The buses are heavyweight and require more braking force to stop them at different destinations. The air brake system is efficient because it has more stability and efficiency at various speeds.
Do Buses Have Air Brakes? Buses have air brakes to withstand heavy loads, improve the safety of large vehicles, smooth and gradual braking, continuous airflow, and no leakage-related failure.
Air brakes are beneficial because they are more durable, with minimum internal cracks and damages. They are large vehicle specific and facilitate maximum performance at high speed.
Why do buses have air brakes?
These are effective brakes that use compressed air for their optimized functionality. All small to large school buses comprise them, due to the reasons below.
Withstand the heavy loads
School buses are heavy vehicles with an average weight of about 28000 to 35000 pounds (14 to 17.5 US tons). Therefore, they have air brakes that use compressed air to withstand heavy loads and gross vehicle weight rating.
They can withstand these weights without internal or surface damage. Also, they have compression of air, which can stop large and heavy vehicles without internal damages and restrictions.
The load has minimum effect on their performance, and they remain stable for thousands of miles without significant damage.
They are safe and reliable according to their layout and overall efficiency. The manufacturing companies install them in heavy buses to withstand the passenger load and gross vehicle weight rating (GVWR).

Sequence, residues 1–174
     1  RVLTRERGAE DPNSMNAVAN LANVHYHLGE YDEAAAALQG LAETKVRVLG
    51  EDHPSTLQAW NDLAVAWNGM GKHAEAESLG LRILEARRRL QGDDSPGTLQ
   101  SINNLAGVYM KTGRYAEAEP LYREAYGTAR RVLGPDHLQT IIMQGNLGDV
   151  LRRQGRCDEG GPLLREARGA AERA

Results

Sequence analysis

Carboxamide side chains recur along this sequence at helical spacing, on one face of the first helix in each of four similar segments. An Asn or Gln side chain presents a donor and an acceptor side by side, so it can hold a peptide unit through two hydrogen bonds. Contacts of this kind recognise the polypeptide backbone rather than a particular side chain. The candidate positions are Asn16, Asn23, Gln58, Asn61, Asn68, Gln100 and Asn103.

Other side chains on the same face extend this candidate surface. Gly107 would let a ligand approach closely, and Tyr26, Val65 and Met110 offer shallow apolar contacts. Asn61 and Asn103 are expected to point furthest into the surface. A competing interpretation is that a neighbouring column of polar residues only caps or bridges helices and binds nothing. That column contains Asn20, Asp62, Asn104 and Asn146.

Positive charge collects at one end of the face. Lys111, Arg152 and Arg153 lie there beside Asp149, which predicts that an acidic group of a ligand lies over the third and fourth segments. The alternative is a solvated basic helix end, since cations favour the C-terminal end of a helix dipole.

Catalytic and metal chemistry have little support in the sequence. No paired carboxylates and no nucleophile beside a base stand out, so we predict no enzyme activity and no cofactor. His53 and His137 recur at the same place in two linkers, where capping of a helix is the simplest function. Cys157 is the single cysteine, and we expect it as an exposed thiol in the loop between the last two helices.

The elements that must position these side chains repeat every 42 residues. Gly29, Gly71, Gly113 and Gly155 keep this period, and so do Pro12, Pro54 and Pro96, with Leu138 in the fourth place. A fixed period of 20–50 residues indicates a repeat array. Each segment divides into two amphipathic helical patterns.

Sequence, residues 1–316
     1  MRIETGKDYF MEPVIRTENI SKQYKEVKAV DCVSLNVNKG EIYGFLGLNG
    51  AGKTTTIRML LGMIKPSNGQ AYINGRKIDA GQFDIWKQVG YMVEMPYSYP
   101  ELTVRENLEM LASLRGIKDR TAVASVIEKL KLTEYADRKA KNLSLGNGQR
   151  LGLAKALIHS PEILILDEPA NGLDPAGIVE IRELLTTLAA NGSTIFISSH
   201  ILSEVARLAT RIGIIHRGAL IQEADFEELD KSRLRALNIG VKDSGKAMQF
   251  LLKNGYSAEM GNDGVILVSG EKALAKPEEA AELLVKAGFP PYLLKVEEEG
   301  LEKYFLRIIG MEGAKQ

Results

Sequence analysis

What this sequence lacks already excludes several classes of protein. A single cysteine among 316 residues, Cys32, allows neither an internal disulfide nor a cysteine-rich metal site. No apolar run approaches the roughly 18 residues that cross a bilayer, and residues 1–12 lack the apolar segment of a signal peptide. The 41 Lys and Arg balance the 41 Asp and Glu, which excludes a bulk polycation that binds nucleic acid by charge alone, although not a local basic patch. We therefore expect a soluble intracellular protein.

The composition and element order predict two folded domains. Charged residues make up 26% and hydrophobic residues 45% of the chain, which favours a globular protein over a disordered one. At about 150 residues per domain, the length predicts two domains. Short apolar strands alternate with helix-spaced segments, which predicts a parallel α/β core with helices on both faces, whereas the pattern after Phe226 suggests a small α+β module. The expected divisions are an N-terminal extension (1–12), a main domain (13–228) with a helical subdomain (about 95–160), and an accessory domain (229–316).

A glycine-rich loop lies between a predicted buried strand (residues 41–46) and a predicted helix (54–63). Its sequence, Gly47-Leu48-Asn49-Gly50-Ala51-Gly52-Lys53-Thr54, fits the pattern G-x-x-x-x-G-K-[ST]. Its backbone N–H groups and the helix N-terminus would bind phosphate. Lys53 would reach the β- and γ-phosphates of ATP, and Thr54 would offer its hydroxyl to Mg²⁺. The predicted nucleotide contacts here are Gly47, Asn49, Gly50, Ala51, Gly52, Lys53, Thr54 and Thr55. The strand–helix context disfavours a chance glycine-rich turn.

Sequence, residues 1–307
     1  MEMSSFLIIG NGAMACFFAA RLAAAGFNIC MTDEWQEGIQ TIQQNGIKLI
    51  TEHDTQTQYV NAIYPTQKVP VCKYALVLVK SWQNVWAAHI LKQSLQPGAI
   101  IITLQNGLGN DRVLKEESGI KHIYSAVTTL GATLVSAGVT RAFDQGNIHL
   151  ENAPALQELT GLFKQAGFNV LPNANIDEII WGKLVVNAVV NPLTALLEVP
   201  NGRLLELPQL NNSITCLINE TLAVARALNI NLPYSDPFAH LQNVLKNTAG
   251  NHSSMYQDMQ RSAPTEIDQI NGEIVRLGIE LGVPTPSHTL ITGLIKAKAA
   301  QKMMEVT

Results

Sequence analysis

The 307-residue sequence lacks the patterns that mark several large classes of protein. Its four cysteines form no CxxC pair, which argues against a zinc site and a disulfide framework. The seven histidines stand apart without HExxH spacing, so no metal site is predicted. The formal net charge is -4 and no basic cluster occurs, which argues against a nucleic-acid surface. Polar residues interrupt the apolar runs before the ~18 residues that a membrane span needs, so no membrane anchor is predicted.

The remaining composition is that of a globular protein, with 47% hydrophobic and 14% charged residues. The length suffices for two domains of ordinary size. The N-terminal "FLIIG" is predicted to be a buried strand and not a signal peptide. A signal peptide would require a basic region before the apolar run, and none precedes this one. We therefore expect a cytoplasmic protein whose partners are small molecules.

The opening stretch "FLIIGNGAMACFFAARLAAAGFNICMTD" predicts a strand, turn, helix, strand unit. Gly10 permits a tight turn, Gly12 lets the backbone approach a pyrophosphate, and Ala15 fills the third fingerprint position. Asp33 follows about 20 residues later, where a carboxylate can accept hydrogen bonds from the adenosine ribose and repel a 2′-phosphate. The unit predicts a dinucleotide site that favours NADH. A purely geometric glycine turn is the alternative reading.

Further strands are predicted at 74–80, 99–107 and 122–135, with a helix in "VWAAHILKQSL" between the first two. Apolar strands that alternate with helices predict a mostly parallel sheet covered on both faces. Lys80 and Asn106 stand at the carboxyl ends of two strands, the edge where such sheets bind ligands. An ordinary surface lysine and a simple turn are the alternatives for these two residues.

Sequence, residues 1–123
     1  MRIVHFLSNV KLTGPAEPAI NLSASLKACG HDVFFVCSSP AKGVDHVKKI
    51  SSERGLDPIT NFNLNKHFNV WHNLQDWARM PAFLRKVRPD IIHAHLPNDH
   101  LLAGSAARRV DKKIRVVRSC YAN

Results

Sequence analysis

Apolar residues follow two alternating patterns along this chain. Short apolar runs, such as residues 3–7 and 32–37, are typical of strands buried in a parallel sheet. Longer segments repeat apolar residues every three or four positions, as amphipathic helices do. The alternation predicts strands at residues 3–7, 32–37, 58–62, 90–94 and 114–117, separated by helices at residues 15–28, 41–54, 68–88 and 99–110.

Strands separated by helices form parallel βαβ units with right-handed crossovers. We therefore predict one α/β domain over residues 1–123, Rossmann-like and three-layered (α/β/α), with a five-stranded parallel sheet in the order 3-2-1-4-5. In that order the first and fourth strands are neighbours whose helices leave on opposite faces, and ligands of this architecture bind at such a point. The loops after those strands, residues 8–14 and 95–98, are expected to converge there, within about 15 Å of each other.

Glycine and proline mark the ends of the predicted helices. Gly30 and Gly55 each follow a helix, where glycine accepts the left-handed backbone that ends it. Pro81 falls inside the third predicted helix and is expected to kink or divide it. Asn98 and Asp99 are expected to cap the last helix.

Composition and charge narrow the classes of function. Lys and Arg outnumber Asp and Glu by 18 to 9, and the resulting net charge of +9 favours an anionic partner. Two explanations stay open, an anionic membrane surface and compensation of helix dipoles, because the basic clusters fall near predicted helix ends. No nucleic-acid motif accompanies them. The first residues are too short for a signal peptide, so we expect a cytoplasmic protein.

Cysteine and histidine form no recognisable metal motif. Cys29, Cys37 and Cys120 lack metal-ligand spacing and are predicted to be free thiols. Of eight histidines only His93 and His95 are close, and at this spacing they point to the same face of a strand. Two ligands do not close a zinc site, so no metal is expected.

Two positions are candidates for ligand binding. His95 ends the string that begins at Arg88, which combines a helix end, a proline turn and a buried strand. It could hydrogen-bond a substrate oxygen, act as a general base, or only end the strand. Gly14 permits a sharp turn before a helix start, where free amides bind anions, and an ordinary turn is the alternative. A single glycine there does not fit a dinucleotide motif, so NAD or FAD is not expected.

Improved safety of large vehicles
Bus manufacturing companies install air brakes in them to improve vehicle safety. Moreover, they increase the safety level of all travelers.
Buses do not lack the power and braking force during different driving conditions. Also, they are specific brakes that can produce more pressure and enough force it stops a heavy vehicle without vibrations and sudden shaking.
They provide maximum safety to children by increasing their protection during stop conditions. The braking force is stable and prevents the sudden rolling of the bus and passengers forward.
These large vehicles remain stable despite the heavy loads of cargo and passengers. You can safely stop your bus at different stops.
They have complicated layouts according to the stock standards.
Smooth and gradual braking
Heavyweight and large-sized vehicles require smooth braking. Air brakes provide smooth and gradual stopping.
However, they utilize compressed air, which can push the piston. Then, they produce a specific pressure on the connected brake pads.
In such circumstances, the brake shoe produces a specific force and pressure to slow down the bus. In addition, it can stop the vehicle at variable stops safely.
The piston pressure and air brakes can slow down the tires gradually and repel vibrations. You can push the pedal and stabilize the bus with gradual braking.
Also, this system has three distinct parts. One is service braking which applies a specific level of pressure.
You can use it by pushing the pedal and opening the connected valve. In such circumstances, the tank pushes the air and flows through the flow passages to the chamber of the braking system.
Reduced air pressure inside the chamber can trigger the emergency brake and reduces the chances of accidents. Pressure lower than 60 PSI (pounds per square inch) is dangerous and activates this emergency braking mechanism.
The parking brakes push the compressed air into the chamber. Then, it applies pressure on the spring, which expands.
It puts additional force on the pushrod and moves it outward. It can activate the camshaft and force the airflow lines to apply brakes.
These properties make the braking beneficial for the buses.
The air brake system uses compressed and pressurized air for its optimized efficiency. Furthermore, the air never removes from it.
Therefore, the compressed air flow remains constant and improves its efficiency. Compressed air cannot cause corrosion and repel the damage to the metallic parts.
The air passages can disengage and engage according to the standard compression ratio. The air does not enter the circuit, which comprises the emergency brake.